So you’ve produced the most wonderful piece of content, but no one is reading it.
Perhaps the problem is your headline.
Sure, there might be a number of other reasons too, but there’s evidence to suggest that the quality of your headline could be make or break.
A significant percentage of the time dedicated to a column should be spent on the headline alone – depending on who you listen to, that could range from 20% all the way up to even 80%.
The 50/50 rule of headlines states you should spend half the time on the headline alone, while the 80/20 rule of headlines suggests that only two out of every 10 people who read a piece of content will read beyond the headline.
It’s worth noting that in the pre-digital days, newspapers relied on sub-editors to come up with the headlines to fit in to their production.
Even now, the writers themselves don’t come up with the headlines more often than not.
Online, headlines are increasingly important, particularly as you fight for attention in the endless loop of 140 characters on Twitter, let alone on Google.
Inc.com Deputy Editor, Allison Fass, has put together a presentation that highlights 13 noticeable themes of outperforming headlines, based on analysis from 10 months worth of headlines on the site.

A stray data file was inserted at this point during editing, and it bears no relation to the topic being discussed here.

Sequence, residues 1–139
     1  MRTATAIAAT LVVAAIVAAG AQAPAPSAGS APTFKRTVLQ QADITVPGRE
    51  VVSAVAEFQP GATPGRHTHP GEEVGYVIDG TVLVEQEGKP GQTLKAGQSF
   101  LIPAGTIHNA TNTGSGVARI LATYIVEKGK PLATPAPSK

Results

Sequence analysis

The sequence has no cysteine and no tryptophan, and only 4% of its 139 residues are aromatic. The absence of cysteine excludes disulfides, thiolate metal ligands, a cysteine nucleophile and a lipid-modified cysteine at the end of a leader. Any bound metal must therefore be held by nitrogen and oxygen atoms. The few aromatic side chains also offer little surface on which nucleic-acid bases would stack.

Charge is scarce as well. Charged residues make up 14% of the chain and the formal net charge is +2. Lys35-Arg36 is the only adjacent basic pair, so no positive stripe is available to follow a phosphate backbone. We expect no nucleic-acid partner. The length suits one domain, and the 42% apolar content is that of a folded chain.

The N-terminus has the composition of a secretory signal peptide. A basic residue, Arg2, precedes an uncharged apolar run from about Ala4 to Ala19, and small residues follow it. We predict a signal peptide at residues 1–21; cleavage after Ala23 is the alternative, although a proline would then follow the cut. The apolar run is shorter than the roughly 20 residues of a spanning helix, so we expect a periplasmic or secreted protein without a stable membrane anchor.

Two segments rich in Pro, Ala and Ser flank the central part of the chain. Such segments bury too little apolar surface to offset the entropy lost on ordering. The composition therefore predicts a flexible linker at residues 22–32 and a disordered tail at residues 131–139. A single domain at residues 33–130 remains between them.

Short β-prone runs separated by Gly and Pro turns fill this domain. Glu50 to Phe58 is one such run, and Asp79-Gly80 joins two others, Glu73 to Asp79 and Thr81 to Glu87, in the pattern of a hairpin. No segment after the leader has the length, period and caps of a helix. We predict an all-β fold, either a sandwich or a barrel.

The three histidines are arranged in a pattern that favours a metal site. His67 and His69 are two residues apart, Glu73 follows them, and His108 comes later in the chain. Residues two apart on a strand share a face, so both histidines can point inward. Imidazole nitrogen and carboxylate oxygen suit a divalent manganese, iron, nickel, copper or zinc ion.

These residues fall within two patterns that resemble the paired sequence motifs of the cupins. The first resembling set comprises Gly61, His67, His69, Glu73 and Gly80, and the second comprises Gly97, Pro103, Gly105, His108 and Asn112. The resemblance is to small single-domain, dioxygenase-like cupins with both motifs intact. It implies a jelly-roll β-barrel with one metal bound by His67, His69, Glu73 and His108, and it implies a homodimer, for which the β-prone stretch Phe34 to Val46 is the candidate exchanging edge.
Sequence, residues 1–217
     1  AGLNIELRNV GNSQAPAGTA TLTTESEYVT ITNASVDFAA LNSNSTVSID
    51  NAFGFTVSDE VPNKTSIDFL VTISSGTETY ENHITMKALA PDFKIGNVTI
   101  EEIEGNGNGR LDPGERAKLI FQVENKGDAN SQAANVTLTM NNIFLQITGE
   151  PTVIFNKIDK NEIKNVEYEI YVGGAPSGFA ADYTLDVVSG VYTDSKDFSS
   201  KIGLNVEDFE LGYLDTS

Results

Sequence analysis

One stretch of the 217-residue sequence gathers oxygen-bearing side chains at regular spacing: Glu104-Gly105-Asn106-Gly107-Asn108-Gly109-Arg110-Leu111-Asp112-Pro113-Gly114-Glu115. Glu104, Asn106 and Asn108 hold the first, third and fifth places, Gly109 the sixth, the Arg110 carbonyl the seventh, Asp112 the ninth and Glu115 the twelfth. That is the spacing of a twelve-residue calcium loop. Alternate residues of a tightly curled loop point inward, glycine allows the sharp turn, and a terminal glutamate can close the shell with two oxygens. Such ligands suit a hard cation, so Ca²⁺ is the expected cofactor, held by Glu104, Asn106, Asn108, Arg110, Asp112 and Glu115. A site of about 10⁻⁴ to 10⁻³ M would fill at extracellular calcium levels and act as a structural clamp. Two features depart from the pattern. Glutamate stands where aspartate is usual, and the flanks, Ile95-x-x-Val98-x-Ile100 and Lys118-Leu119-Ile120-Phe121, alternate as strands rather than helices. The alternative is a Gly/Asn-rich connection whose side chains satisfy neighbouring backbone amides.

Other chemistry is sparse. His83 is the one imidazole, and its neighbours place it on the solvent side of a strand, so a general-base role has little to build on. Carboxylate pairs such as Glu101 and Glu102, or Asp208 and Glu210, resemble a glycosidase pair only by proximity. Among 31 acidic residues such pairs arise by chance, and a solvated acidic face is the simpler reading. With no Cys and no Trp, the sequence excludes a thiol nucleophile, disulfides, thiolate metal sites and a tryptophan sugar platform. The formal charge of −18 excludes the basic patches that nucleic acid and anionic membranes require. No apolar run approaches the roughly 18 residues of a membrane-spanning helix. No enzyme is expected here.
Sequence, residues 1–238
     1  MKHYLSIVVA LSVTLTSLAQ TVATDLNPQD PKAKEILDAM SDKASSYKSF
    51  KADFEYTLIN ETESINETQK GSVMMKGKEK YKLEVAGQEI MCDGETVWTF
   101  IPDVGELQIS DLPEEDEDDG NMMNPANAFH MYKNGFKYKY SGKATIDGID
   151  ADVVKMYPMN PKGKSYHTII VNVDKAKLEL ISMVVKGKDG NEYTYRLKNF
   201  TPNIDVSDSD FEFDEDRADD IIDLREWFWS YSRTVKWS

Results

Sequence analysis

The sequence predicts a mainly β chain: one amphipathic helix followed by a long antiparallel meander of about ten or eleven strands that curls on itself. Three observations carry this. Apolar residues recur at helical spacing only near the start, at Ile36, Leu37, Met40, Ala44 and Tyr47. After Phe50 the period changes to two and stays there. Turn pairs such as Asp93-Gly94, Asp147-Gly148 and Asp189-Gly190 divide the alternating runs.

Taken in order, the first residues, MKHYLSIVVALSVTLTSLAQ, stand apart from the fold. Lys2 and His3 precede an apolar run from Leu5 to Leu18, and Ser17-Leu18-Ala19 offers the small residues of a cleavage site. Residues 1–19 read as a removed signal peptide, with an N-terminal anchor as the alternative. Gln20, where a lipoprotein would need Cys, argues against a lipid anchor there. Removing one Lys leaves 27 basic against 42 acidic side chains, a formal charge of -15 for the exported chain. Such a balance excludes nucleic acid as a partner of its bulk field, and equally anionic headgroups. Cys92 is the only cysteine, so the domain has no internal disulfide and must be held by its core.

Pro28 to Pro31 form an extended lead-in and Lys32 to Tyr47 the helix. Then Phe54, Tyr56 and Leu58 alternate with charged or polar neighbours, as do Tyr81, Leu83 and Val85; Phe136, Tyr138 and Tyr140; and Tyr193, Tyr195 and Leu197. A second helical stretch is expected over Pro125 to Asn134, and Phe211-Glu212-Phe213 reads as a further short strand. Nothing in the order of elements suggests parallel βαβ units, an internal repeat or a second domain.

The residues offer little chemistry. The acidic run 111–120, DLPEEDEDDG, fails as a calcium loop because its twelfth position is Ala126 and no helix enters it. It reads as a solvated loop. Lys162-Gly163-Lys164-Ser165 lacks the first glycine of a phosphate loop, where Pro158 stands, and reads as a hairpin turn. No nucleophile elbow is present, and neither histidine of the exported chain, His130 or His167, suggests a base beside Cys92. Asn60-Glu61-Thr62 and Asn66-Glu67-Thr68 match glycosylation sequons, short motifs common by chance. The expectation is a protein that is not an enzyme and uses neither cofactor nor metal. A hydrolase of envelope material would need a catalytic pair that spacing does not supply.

Here are our favourite three:
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About the Author
A wannabe jetsetter that started her career at Turkish Airlines, working on their advertising campaigns with Manchester United, and now managing campaigns for Tecmark's travel clients and more.Visit Rebecca's Page
The meta description (along with the title) is often seen as the shop window to your site and has a major influence on how much traffic your site can draw.
“Manchester’s got everything, except a beach” – Ian Brown It’s no secret that, here at Tecmark, we love our city. We couldn’t possibly list all the reasons why – the friendliness of the people, the captivating mix of old and new architecture, the sense of community – to name but a few.
In 2015, after over ten years in an in-house copywriter and editor role, I decided to bring everything I had ever been taught and try something a little different.